We’re here, we care: tips to dial-up compassion during the second wave

Sindhu Shivaprasad

Here's the thing about large-scale catastrophes like COVID-19: they drag in some serious baggage. Think doomsday feelings, helplessness, anxiety, and more. That’s already a lot to handle, but everyone's still going above and beyond expectations to stay afloat. Human resilience knows no bounds, right?

Sure. But can we stop looking at that as a challenge to push ourselves beyond breaking points? Resilience is about recharging, not enduring. After all, you can stretch a rubber band as far as it goes, but then it will break, or shoot back painfully.

Recharging is so important in a workplace because:

The impact of every teammate's productivity and happiness is exponential.

This is an invitation to stop being an overstretched rubber band. To help your colleagues take a break and recharge, whether that’s by setting boundaries, supporting the community or indulging in what brings joy.

We’d love to help maximise happiness and minimise damage. We’ve been doing this ourselves — so here are some of our best tips.

Caring for your team during the second wave

Make time to get in the flow

We’re all makers. And the most effective way for makers to use their time is in half-day or full-day blocks. Encourage your team to break up their calendars into deep work and busy work time, so they aren’t overwhelmed any more than they are. Assigning fixed hours or days to deep work will create a state of flow that’s free of distractions. And there’s enough time left to get to those demanding emails and meetings!

Respect the optimal performance zone

Each of your teammates has an ‘optimal performance zone‘, a time frame where stress enhances their performance. But when that threshold is crossed, stress hinders productivity — what was challenging becomes frustrating.

When that happens, invite your teammates to step away from the computer or take a day off. Obvious, for example, has ‘investment days’ meant for teammates to work on personal projects, read, or take a course — whatever helps them get their head back in the game. Urge everyone else to save their messages for after the ‘Away’ palm tree emoji disappears.

Foster a sense of community

Volunteering is a wonderful way to stay in the human loop, and your policies can encourage that. Introducing non-deductible vacation days for those who want to volunteer their time is a clear green signal of your support. So is organising team donations to meaningful causes. We’ve individually donated to Hemkunt Foundation and Mission Oxygen.

A sense of community is hard to come by during remote work — virtual meetings can feel monotonous because banter is less serendipitous. But it’s still important! Leaving room for banter during a meeting or Slack thread sparks natural interactions and reduces the loneliness that sometimes springs from WFH.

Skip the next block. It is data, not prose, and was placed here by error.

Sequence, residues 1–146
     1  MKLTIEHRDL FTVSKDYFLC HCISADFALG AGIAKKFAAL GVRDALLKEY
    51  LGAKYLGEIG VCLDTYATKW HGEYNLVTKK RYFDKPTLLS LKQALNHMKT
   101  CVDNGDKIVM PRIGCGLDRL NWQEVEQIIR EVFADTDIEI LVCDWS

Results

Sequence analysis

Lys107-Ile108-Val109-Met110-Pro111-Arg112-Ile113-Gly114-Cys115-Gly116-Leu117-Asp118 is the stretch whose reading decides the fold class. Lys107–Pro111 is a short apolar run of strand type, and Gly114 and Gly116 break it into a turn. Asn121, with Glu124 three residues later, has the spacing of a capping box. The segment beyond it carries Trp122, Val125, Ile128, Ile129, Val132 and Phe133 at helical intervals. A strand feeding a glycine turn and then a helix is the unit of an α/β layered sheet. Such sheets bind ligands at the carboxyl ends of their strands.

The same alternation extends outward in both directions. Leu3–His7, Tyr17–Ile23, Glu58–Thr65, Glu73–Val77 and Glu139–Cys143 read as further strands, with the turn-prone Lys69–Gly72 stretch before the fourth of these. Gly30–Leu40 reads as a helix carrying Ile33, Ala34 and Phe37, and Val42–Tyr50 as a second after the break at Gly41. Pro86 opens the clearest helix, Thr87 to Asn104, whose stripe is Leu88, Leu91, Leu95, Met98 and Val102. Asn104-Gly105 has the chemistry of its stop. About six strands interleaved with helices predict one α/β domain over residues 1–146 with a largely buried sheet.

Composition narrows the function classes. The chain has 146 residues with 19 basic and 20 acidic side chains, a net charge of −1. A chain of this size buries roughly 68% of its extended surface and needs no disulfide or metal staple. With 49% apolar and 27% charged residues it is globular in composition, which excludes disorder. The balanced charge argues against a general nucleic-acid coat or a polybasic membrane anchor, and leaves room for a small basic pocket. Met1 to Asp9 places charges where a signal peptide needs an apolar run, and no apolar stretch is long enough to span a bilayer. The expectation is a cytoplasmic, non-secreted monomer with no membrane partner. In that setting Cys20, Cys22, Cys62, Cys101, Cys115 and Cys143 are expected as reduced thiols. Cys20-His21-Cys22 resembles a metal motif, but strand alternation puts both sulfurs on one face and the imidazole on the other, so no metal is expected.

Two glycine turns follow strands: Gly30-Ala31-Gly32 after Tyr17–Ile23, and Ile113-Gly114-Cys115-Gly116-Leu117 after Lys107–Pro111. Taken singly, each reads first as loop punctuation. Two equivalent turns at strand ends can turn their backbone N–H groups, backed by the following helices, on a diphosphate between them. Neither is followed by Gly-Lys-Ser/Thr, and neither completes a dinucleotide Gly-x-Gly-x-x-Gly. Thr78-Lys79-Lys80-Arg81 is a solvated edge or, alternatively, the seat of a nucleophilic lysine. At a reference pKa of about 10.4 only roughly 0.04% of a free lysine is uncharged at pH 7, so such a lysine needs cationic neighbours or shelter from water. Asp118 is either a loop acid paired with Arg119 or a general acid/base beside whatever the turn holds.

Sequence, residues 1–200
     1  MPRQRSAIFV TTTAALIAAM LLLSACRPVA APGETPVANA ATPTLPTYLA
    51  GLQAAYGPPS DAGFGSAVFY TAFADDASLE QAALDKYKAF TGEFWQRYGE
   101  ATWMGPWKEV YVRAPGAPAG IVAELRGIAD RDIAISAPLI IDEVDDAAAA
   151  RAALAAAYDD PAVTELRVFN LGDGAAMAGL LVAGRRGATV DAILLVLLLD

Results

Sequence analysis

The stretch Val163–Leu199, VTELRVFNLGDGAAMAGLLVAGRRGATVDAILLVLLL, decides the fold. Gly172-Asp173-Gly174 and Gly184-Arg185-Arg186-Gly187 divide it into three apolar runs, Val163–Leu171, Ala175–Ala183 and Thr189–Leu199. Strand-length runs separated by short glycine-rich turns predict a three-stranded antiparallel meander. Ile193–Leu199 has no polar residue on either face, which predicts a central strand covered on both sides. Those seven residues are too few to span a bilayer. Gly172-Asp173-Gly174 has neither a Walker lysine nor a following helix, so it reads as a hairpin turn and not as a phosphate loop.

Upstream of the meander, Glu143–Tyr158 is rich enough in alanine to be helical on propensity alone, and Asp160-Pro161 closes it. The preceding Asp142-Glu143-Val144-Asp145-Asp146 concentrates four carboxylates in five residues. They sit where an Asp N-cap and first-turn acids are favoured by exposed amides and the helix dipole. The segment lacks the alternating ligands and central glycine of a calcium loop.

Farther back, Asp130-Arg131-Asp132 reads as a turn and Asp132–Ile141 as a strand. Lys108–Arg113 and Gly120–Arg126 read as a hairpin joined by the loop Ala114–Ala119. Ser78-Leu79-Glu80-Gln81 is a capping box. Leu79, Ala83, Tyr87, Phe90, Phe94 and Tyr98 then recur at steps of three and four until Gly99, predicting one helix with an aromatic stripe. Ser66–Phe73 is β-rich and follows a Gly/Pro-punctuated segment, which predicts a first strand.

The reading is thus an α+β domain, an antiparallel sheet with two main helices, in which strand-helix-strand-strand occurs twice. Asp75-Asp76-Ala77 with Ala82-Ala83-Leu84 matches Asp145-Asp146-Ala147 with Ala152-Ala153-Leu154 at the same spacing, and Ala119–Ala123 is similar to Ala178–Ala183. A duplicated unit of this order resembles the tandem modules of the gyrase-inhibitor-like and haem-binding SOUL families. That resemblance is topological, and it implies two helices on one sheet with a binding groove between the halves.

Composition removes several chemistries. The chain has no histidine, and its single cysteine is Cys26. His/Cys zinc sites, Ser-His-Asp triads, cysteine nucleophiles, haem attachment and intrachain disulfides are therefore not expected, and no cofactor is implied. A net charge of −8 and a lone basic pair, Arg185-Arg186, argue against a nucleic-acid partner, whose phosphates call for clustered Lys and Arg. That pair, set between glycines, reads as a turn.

Celebrate the little things

When it feels like there’s isn’t much to celebrate, then the little things matter the most. Our favourite ways to celebrate them are:

  • Highlighting daily wins where everyone can see them
  • Celebrating birthdays and work anniversaries with cheer
  • Organising game nights to drum up some friendly competition
  • Creating spaces for 1-to-1 conversations, rants, or vents

Set a ‘lights out’ time

Ever spent five minutes working on something only to realise it’s already midnight and you’ve technically been off the clock for 5 hours? Yeah, us too. And it’s not good.

Setting a ‘lights out’ time can signal the end of the workday to the whole team. Daily emails, automatic Slack reminders, and paused notifications are convenient ways to get everyone to wind down at that fixed time. This way, everyone sticks to boundaries and prioritises who they are outside of work for the rest of the day!

Hit the brakes before the brakes hit you

How many times have you seen a colleague burn out, then realise they’re burnt out, and then take a break? Way too many times, we’d wager. But that order of situations isn’t doing anyone any favours. Retroactive solutions do diddly-squat when burnout runs away with your star performers.

The real benefit lies in predicting burnout before it happens and asking that colleague to take a break. Even half a day off for recuperating or recovering can help stave off burnout. Your colleague will return to their former glory with no damage done!

Recharge on the regular

If things feel like a boulder being rolled up a hill only to tumble back down, it’s time to keep your team from becoming the next Sisyphus (you know, Greek mythology). Let everyone know that breaks are welcome and that guiltily checking messages during a break is a No-No.

Empower teams to plan their projects, keeping in mind that emergencies happen. They won’t be overwhelmed, and the on-a-break colleague can take their mind off work. In the long haul, helping your teams protect their time and energy like this will make them much happier and prevent burnout.

We can only perform as well as we recover.

Monica Pillai, Head of People Experience, Obvious

We're here, we care

When Pandora’s Box opened and horrifying things (ahem: pandemic) sprung out, Hope was the only thing that remained.

We’re not suckers — we know our individual control over the terrifying threats we’re facing is limited. No one’s ever going to be prepared for a pandemic to come and change everything we know and love.

But isn’t that more reason to respect individual capacities and account for the ruthless environment that everyone’s powering through? Encouraging rest and recharging is a powerful way of saying, “Hey, we’re here. And we care.”

To an extent, our world is what we make it. We’re here to support you as you make your world kind. Help your team practice self-care (not just the consumerist kind), and be well. 🤍

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